Una vista de la costa

Behind me, a pack of about 25 men and boys are crowded around the entrance to a small store with a tiny television set on its counter, laughing and yelling as a soccer game plays out.  On the beach here in Mompiche, they play their own version of world class soccer, complete with driftwood goal posts, every afternoon.  The waves here are straight and long, like those of Oregon, and the sunsets tend to be glorious.  Sometimes I feel closer to home when I dive under one of those sandy, thunderous ondas. The Ecuadorian coast is a world unto itself.  Up north near the Columbian border lies San Lorenzo amid a maze of mangroves, and the whole province of Esmeraldes feels a bit poorer, a bit shaggier and greener.  Not to mention, I could easily imagine myself in Africa on the bus rides between Ibarra, San Lorenzo, and Atacames: the northern coast is home to a majority Afro-Ecuadorians whose ancestors were brought here as slaves during colonial rule.  I don´t know about the rest of Ecuador, but in every pueblito here the people seem to sit or stand like statues, holding brooms or bunches of plantains or canisters of gasoline, watching the bus roll by.  I wonder what they would tell me if I hopped off.  I bet they´d just stare for a while, suspicious until I tripped over a sleeping dog or fell into a post hole.  Most have never talked to a gringo, I´d wager.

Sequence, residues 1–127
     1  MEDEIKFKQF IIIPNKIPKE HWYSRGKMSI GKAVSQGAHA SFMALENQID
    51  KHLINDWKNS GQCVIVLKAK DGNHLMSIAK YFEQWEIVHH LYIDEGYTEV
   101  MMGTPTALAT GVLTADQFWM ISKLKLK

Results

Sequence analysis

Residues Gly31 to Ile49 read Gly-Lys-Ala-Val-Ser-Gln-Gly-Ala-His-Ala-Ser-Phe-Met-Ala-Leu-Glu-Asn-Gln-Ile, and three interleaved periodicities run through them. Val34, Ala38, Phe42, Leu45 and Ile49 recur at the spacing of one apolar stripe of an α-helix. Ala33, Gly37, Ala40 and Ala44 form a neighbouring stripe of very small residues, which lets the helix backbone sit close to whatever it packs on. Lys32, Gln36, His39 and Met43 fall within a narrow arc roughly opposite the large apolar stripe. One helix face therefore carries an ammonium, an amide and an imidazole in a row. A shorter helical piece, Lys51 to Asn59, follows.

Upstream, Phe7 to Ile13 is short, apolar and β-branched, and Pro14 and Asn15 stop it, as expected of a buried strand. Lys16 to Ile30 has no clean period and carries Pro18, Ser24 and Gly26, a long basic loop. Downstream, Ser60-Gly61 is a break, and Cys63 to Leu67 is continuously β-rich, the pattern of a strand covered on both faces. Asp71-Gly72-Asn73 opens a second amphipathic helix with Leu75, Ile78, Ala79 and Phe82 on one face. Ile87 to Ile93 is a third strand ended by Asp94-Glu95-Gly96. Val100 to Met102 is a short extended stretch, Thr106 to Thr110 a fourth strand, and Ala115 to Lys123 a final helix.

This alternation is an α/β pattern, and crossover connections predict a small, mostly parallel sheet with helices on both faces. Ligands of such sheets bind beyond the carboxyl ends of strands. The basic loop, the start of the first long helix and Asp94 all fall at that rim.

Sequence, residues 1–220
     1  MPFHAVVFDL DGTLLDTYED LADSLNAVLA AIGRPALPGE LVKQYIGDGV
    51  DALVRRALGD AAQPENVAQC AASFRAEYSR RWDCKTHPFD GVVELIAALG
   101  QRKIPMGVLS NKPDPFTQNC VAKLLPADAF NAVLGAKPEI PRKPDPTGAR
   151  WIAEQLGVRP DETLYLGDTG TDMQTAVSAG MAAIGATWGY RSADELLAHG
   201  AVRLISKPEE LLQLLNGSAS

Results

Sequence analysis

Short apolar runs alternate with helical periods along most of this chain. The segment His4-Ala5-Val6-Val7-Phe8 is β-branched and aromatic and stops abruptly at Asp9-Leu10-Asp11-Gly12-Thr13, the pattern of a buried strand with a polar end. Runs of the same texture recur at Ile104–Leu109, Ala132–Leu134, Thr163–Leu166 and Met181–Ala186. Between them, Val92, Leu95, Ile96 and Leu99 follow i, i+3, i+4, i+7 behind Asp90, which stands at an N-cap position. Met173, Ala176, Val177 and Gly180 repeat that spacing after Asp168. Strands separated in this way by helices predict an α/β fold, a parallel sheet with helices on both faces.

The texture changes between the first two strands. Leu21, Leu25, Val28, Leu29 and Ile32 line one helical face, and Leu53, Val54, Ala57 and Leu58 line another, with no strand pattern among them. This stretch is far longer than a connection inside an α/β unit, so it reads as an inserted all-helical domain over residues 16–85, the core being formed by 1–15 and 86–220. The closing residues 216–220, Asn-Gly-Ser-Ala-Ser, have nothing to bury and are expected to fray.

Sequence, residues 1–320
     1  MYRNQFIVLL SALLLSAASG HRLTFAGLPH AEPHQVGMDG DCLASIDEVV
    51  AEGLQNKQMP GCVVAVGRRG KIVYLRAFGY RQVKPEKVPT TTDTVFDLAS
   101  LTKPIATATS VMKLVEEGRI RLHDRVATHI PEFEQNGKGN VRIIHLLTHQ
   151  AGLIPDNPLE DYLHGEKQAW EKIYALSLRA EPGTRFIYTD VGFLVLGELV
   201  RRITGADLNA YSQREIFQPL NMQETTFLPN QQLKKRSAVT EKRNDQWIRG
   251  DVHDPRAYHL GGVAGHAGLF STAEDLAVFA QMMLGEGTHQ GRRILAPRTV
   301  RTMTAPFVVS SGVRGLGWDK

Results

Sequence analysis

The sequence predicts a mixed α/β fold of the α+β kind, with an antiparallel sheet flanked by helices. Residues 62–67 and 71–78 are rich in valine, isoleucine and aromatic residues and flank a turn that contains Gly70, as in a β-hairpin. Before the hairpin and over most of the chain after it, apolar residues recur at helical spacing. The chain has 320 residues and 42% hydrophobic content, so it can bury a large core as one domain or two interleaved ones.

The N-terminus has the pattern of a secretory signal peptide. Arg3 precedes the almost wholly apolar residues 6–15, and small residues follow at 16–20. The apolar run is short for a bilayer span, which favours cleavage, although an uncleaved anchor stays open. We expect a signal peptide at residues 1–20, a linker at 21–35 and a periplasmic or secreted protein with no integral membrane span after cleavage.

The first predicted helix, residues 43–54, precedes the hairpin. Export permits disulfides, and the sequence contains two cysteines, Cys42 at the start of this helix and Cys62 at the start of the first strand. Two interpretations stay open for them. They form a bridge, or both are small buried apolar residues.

My time is  up for tonight, but I promise to write more soon.  My companions from the finca in Tabacundo are leaving me here tomorrow, and I plan to learn to surf for the next week or so.  This town is tiny, with dirt roads and impressive puddles, several restaurants and jugo bars, hostels full of suave surfers, and a beach long enough to do some good figurin´.  A little haven for a lone gringa.